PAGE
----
Defined force progression
Punctiform contacts clearly define the progression of force or how the incorrect position of a contact can put transverse load on a tooth. Before a description of how forces act on a tooth is given, here follows a brief explanation of the physical principles governing forces and how they are combined: Forces can be represented as vectorial values; ie, they can be illustrated as arrows. The length of the arrow is a measure of the size of the force, and the direction of the arrow is the direction of the force. The forces on a rigid body (in this case, the tooth) can only be displaced along their line of action, ie, on a line that is an extension of the (force) vector; parallel displacement is not possible.
When several forces act on a tooth (or a rigid body), they can be combined to produce a resultant force (equivalent force).The individual forces are known as components.These individual components can be combined by geometric addition to produce a resultant (Fig 5-65). If several forces are located on a collective line of action, the sum or difference of these forces is the resultant. If two (or more) forces have a collective working point,
a parallelogram of forces can be constructed and they can again be combined by geometric addition to produce a resultant force (Figs 5-66 and 5-67).The resultant can be calculated according to the trigonometric law of cosines.
If more than two forces act on one point, a parallelogram of forces or a polygon of forces has to be created several times in order to add the forces together geometrically (Fig 5-68). Forces with different working points are displaced along their line of action up to an intersecting point, which produces a normal parallelogram of forces. A resultant force with the correct total and the correct direction, but not the exact position, is obtained. However, because the resultant can also be displaced in its line of action, the midpoint of a rigid body can be assumed to be the working point. In the case of a tooth, the point where the line of action of a resultant force intersects the tooth surface can be taken as a first approximation of the working point.
During static loading of the teeth in terminal occlusion, a tooth is physiologically (ie, centrically to its periodontium
) loaded by the sum of forces, despite forces acting eccentrically. As masticatory pressure is absorbed during a movement when teeth are in contact, the forces alternate in their direction if not in total. An extreme lateral position shows how the progression of force takes place there. All the positions between these extremes and terminal occlusion will show resultant forces whose lines of action lie somewhere between the lines of action of those two positions. If the forces of the two positions are absorbed by the periodontium, the intervening forces would also have to be compensated.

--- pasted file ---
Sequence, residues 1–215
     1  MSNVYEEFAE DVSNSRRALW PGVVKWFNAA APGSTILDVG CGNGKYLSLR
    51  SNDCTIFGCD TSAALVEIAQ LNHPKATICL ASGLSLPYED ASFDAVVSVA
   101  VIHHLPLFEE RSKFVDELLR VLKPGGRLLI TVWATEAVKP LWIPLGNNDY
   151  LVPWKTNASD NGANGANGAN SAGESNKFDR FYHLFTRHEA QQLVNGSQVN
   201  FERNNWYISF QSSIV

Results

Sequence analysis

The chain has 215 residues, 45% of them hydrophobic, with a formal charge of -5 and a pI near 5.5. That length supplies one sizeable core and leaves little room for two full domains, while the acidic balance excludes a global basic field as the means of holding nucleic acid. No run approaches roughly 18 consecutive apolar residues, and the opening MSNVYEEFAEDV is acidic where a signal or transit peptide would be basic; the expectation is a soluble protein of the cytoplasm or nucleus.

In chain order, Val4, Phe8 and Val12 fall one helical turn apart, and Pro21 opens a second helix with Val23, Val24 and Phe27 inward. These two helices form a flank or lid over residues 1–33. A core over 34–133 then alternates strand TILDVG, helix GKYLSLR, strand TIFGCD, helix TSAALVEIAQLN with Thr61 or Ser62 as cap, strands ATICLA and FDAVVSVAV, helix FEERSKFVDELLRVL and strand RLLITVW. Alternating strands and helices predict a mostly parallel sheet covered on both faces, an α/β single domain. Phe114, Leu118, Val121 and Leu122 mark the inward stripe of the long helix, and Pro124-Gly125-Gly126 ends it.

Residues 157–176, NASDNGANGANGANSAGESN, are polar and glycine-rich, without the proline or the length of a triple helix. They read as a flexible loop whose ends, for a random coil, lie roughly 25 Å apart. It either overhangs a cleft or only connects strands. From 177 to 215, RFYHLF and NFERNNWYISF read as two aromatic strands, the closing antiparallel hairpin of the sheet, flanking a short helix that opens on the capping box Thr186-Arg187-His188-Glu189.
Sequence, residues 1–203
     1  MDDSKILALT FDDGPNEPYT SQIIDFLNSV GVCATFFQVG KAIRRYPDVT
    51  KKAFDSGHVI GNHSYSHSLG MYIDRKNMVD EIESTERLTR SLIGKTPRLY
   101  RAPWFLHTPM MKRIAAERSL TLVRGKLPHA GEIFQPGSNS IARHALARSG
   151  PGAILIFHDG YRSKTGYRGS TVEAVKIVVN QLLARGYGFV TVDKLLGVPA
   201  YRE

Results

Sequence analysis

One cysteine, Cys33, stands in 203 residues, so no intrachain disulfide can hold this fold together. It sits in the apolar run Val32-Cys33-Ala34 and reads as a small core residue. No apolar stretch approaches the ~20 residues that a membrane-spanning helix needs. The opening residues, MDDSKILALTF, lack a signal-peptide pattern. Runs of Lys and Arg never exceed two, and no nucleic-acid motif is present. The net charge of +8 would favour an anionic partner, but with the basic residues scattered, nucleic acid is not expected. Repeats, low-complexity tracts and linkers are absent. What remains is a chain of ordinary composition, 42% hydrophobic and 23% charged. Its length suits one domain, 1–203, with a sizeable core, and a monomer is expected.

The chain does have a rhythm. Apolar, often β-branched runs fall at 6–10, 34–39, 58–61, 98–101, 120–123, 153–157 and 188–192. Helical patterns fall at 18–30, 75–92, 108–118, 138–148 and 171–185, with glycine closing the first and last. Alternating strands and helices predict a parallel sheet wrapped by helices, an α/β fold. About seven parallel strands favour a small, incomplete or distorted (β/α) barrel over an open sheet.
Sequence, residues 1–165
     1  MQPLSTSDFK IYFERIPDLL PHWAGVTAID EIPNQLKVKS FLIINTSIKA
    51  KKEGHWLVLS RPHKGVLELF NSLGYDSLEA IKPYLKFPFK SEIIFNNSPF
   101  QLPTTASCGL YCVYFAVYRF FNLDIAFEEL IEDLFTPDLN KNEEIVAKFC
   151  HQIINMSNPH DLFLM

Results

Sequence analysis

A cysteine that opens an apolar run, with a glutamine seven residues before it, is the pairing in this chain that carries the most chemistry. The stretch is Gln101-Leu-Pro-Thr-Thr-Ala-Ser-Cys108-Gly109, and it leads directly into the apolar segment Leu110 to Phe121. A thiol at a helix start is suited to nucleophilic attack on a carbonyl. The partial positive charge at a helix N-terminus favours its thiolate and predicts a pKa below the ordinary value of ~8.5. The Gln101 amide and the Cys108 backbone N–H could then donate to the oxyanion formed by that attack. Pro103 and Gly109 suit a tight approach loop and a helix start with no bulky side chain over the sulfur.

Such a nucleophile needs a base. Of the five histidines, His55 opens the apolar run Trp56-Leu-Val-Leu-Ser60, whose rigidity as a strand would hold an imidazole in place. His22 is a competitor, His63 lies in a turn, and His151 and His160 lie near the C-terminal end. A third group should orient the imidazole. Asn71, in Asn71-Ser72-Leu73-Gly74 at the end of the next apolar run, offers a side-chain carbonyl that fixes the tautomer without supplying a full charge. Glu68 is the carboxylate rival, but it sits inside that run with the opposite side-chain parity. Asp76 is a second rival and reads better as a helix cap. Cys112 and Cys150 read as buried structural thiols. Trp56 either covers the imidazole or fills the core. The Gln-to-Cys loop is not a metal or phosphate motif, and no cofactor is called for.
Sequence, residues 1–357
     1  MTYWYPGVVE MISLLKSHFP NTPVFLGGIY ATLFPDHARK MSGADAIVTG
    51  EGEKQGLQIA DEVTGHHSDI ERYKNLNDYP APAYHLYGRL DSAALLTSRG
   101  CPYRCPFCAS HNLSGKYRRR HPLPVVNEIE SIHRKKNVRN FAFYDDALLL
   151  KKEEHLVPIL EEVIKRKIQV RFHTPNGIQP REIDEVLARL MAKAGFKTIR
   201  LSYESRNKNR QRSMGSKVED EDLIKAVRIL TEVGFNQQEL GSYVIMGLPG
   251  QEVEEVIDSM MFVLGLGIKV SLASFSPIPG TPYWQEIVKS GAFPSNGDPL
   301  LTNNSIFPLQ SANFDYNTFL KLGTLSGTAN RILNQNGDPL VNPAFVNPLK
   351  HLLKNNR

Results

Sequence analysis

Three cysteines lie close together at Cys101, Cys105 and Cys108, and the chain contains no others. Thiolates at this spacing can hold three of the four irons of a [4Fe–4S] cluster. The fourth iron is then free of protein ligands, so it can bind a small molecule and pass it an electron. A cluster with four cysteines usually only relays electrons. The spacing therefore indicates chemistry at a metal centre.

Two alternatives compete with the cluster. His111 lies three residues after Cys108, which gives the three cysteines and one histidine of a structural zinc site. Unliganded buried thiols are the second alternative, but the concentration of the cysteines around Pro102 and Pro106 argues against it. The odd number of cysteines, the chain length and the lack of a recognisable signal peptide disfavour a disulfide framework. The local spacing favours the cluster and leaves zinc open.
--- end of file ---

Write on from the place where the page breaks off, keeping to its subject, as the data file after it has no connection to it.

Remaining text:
The progression of force in the extreme lateral position lies within the periodontium of the teeth involved, if the occluding surfaces are roughly spherical. The forces act in a defined direction
because they are perpendicular to the tangents of the spherical surfaces (Fig 5-69). This means that in a lateral position, in which the buccal and lingual cusps of the opposing teeth contact, the loading on the teeth will still be centric.
Flared or splayed roots of multirooted teeth are ideally suited to absorbing forces that arise during lateral movement with tooth contact. Such transverse forces are more likely to occur with posterior teeth (molars), which are multirooted.
The real progression of forces during movements is not entirely covered by this illustration of extreme positions, but this does provide a good approximation. In particular, it clearly shows the need for punctiform contacts to be retained even during lateral movements. If just one contact is lost during the movement, the relationships alter, or uncontrolled faulty stresses will result. Therefore, when contouring occlusal surfaces, it is always important to check contacts by means of lateral movements in an articulator.
Principles of mechanics are applied here to explain the characteristic features of form of a physiologic system. The explanatory model should merely be seen as a guide to illustrate the advantages of punctiform contacts or as an aid in understanding why it is so necessary to reconstruct the masticatory area based on certain formal con-siderations.This model does not take into account other influential factors that may play a role in the development of these characteristic features.